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D''Arrigo v. New Jersey State Board of Mediation

Decided: May 31, 1990.

CHARLES D'ARRIGO, PLAINTIFF-RESPONDENT,
v.
NEW JERSEY STATE BOARD OF MEDIATION, DEFENDANT, AND BERGEN COUNTY UTILITIES AUTHORITY, DEFENDANT-APPELLANT, AND UTILITY WORKERS UNION OF AMERICA, AFL-CIO, LOCAL 534, INTERVENOR



On certification to the Superior Court, Appellate Division, whose opinion is reported at 228 N.J. Super. 189 (1988).

For reversal Chief Justice Wilentz and Justices Clifford, Handler, Pollock, O'Hern, Garibaldi and Stein. For affirmance -- None. The opinion of the Court was delivered by O'Hern, J.

O'hern

[119 NJ Page 75] The question in this case is whether a public employee covered under a collective negotiations agreement has the right to invoke the arbitration provisions included in the grievance machinery of the contract. We hold that absent clear language in the agreement conferring such a right on an employee, the

employee organization has the exclusive right to invoke the arbitration provisions of the contract. In turn, the employee organization owes a duty of fair representation to the employee and must answer for any breach of that duty.

I

The case arises from plaintiff's complaint against the New Jersey State Board of Mediation and his employer, Bergen County Utilities Authority (BCUA or Authority), demanding that the State Board of Mediation (Board) be directed to invoke the arbitration provisions to resolve a grievance between the plaintiff and his employer. Plaintiff's complaint showed that he had been employed by BCUA from August 1983 until about December 10, 1985, during which time he was a member of the Utilities Workers Union of America AFL-CIO Local 534 (Local 534). He asserted that the collective agreement between BCUA and Local 534 provided for arbitration of grievances, and specifically provided that an individual member could process his or her own grievance. On December 10, 1985, plaintiff received a final notice of disciplinary action from BCUA terminating his employment with the Authority because of unauthorized absences. Over the course of subsequent months, there were numerous communications between his lawyer and the lawyers for BCUA.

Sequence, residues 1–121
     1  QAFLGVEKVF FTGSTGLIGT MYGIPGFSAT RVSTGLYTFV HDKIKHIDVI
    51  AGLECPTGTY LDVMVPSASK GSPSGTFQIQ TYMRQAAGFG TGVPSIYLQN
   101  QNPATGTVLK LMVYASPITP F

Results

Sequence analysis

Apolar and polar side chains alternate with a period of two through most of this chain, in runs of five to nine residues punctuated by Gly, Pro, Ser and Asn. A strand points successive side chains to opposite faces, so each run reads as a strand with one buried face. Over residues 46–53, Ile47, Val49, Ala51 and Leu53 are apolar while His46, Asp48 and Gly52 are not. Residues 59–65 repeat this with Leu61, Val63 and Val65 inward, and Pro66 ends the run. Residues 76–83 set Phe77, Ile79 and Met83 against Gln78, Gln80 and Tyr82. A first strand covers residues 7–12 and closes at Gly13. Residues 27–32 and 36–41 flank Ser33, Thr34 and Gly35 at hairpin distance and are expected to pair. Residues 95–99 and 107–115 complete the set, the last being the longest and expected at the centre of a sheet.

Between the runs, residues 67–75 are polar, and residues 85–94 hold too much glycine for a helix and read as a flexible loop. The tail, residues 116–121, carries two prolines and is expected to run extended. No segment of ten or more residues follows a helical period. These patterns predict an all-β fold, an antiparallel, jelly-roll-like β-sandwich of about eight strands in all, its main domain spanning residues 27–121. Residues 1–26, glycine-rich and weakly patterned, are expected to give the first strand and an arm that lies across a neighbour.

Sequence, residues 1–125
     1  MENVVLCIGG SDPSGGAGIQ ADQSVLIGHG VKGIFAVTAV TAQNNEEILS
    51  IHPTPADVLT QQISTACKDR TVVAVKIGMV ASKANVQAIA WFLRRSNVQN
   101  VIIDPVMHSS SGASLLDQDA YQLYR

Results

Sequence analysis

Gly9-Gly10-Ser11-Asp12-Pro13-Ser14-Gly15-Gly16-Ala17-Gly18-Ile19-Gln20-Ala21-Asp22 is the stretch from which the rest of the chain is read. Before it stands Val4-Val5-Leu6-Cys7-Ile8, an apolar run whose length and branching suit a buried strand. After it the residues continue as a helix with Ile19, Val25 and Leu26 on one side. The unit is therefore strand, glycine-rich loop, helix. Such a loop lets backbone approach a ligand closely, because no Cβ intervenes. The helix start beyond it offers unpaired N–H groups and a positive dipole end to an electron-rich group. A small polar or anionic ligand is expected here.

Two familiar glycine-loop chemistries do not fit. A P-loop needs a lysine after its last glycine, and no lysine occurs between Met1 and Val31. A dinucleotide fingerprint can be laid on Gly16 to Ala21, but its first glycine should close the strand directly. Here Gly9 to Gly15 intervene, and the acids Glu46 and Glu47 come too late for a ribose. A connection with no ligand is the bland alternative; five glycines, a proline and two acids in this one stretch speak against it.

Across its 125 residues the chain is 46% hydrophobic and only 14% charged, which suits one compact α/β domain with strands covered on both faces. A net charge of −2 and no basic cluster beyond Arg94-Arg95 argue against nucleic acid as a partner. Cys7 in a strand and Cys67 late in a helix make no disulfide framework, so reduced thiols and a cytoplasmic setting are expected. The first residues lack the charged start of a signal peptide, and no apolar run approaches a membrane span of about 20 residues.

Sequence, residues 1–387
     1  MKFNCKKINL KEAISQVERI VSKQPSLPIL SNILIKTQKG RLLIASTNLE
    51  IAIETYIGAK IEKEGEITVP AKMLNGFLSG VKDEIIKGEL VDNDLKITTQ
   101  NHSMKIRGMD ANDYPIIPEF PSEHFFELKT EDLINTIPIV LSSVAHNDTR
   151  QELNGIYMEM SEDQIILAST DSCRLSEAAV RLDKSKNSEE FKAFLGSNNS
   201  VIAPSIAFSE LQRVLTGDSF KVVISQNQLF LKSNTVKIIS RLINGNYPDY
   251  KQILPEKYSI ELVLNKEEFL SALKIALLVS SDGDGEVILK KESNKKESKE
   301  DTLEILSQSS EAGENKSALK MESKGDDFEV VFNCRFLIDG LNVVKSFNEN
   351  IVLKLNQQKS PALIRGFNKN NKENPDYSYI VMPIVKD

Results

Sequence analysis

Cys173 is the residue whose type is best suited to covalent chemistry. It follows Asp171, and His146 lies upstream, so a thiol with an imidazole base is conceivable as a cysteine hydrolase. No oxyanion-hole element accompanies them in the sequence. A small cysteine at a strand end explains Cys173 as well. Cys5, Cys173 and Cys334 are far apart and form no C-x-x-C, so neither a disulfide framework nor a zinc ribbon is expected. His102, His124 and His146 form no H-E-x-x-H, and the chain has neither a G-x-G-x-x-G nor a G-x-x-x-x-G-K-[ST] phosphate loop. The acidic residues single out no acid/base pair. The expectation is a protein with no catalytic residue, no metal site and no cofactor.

On September 10, 1986, the attorney for BCUA informed plaintiff's attorney by letter that as a provisional employee plaintiff had no Civil Service status and was not entitled to Civil Service protection. He had received a departmental hearing on December 10, 1985, at which he was represented by his union, Local 534. The letter informed plaintiff's counsel that the union had indicated that it was "processing Mr. D'Arrigo's grievance to final and binding arbitration." It informed him that the BCUA attorney would shortly receive a list of arbitrators, one of whom would resolve the dispute.

Apparently the union later determined not to invoke the arbitration provisions of the labor agreement, and plaintiff instituted action to compel the Board to supply to plaintiff and BCUA a list of arbitrators for the selection of one to conduct the grievance arbitration between the parties.

In response to an order to show cause, the State Board of Mediation explained to the court that the arbitration request that plaintiff had submitted to the Board was denied because the individual plaintiff is not a party to the collective negotiations agreement between Local 534 and BCUA. Under the Board's policy, only the parties to an agreement may initiate arbitration. Inasmuch as Local 534 had not sanctioned the employee's request to proceed to arbitration, the Board was without authority to offer a panel of arbitrators to an aggrieved employee. The Chancery Division entered judgment dismissing plaintiff's complaint.

The Appellate Division reversed, directing the Board to forward a list of arbitrators. 228 N.J. Super. 189, 549 A.2d 451 (1988). The court reasoned that because the agreement expressly provides for employees to process their own grievances, and the grievance procedure includes arbitration, under Fagliarone v. Consolidated Film Industries, Inc., 20 N.J.Misc. 193, 26 A.2d 425 (Cir.Ct.1942), aff'd, 131 N.J.L. 315, 36 A.2d 297 (E. & A.1944), plaintiff could compel arbitration. It ruled that the selected arbitrator should determine both the timeliness of the grievance and the merits of plaintiff's claim. Id. 20 N.J. Misc. at 198-99, 26 A.2d 425.

We granted the petition for certification filed by BCUA, 115 N.J. 73, 556 A.2d 1217 (1989), and permitted intervention by Local 534. We also allowed the Public Employment Relations Commission and Joint Council # 73, ...


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